Visible to the public CRII: SaTC: New Side-Channel Techniques in Support of Global Monitoring for Network DisruptionsConflict Detection Enabled

Project Details

Lead PI

Performance Period

Feb 01, 2018 - Jan 31, 2020


University of Michigan Ann Arbor


National Science Foundation

Award Number

The Internet's size and complexity make it difficult to understand what happens to network packets as they travel from source to destination. Internet service providers and governments sometimes interfere with users' online activities, further complicating this task. This project advances the scientific understanding of network interference detection by developing new methods to remotely measure the manipulation of Internet traffic, such as attempts to censor, tamper with, and monitor users' online activities. The newly proposed techniques can achieve an unprecedented level of detail about network manipulation around the world. Network interference and censorship harms U.S. economic interests, national security, and the human rights of citizens in censored countries. By working towards a better scientific understanding of the techniques used for detecting and monitoring such interference, this project can defend Internet users from unwarranted network manipulation.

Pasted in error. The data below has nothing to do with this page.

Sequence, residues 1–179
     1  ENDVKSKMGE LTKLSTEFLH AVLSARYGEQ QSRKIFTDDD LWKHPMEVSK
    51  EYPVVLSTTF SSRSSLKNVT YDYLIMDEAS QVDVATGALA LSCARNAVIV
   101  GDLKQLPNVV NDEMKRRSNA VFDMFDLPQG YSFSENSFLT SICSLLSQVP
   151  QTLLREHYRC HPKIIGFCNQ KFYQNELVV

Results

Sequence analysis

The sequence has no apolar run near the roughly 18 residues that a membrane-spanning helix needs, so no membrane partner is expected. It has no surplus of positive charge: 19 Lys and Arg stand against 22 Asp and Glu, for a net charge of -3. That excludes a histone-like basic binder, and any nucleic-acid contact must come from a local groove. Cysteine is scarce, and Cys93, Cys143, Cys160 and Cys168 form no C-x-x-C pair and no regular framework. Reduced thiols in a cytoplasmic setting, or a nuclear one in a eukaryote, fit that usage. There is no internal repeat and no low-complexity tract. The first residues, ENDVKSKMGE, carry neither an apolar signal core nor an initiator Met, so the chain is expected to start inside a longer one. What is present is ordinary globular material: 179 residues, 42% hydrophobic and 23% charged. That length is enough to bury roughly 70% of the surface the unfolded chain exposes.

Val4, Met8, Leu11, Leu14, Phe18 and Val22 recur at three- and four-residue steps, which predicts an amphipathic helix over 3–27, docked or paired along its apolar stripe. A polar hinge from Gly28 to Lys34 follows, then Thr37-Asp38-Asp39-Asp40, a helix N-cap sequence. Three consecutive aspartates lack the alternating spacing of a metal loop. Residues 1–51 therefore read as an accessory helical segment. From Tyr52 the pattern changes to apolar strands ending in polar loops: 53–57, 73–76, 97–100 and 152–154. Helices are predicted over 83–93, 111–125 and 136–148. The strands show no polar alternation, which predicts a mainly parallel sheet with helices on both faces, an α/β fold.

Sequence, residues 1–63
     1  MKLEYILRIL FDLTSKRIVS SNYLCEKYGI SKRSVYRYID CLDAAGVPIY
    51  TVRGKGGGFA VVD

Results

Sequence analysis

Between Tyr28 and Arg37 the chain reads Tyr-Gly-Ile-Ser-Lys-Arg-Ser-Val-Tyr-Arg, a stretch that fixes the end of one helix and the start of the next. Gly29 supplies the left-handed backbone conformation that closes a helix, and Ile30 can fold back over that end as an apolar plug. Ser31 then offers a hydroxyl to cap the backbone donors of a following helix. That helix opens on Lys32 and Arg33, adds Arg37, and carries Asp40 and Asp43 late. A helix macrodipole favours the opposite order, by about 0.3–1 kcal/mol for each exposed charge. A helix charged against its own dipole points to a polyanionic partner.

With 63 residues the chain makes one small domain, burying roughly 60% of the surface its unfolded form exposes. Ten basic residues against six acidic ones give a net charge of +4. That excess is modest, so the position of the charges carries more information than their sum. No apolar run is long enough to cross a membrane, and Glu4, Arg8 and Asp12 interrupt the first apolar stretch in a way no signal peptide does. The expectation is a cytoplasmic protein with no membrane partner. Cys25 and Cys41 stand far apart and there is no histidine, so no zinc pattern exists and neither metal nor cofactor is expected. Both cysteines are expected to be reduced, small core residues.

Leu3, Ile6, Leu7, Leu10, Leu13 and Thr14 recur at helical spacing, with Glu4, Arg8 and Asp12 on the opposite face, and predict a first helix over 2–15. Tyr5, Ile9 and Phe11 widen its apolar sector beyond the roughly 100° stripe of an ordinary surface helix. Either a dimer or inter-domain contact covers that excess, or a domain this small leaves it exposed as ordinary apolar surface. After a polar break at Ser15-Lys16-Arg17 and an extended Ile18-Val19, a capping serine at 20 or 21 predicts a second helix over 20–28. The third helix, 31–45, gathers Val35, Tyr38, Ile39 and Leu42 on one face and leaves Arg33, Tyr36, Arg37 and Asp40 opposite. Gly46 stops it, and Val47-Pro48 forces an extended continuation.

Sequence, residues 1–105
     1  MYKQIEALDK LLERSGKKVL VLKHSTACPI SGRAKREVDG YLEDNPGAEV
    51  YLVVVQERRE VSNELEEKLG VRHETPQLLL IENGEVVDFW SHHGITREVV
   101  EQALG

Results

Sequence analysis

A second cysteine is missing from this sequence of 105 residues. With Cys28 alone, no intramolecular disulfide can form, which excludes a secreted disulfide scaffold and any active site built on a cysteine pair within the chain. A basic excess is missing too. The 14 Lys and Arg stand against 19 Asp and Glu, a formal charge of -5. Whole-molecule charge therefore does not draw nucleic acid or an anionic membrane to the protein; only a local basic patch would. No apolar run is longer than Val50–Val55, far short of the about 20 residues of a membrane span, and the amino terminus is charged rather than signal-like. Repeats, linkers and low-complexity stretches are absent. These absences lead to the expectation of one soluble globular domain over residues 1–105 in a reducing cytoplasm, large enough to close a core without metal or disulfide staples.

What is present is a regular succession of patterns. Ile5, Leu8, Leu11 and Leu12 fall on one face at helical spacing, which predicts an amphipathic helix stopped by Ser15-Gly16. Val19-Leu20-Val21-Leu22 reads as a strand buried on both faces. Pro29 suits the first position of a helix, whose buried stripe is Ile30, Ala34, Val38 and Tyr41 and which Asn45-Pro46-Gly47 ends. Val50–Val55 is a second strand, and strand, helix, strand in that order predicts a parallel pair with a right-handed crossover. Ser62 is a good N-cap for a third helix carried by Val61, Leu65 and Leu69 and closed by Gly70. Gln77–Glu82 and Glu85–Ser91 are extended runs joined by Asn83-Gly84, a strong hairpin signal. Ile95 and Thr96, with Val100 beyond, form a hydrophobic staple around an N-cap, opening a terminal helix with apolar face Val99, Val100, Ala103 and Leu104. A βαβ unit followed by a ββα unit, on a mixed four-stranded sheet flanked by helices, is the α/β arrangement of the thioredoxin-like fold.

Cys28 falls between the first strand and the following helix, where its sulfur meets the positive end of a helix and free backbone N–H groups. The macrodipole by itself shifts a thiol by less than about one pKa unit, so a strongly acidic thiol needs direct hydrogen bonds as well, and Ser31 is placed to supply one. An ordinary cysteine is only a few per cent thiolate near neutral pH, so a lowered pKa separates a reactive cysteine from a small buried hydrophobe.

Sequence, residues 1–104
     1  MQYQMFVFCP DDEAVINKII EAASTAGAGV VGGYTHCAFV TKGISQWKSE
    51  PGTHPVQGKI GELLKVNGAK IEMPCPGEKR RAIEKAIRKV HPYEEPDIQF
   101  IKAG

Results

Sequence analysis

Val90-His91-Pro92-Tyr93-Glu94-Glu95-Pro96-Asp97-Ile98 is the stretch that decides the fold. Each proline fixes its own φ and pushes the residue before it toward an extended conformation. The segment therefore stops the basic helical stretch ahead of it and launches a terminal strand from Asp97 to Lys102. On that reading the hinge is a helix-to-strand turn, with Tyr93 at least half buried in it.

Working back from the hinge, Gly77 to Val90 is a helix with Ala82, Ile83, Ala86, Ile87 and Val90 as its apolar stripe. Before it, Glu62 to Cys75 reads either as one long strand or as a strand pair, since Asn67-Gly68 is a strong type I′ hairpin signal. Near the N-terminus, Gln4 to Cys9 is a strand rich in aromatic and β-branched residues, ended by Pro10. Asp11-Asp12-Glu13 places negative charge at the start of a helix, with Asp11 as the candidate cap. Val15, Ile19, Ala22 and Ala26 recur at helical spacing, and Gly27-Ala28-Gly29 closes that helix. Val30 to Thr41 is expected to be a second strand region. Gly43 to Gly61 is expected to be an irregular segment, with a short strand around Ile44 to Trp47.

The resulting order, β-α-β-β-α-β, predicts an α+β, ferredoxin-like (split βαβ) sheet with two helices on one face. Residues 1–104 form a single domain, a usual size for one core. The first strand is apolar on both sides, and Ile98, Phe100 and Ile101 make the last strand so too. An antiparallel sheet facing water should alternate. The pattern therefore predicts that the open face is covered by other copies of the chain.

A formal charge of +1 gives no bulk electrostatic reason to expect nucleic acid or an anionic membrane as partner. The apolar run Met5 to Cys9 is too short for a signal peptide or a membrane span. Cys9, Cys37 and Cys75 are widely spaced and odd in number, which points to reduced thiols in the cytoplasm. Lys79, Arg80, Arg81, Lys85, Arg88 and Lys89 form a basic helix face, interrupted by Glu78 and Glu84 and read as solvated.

Past research has used resources such as PlanetLab, Virtual Private Networks (VPNs), and end-user machines to measure network disruptions. These vantage points scale poorly and have limited geographical coverage. They are difficult to deploy in practice and are unable to continuously collect data. In contrast, systems such as Spooky, Augur, and Iris (developed in the principal investigator's preliminary work) allow measurement systems to infer whether a remote system has network connectivity to another remote system without needing control of either. To do this, these systems exploit features in existing Internet protocols and infrastructure to interact with remote systems, and learn from their responses whether or not they were able to interact with other targeted hosts. These techniques overcome the problems of vantage point location and of recruiting participants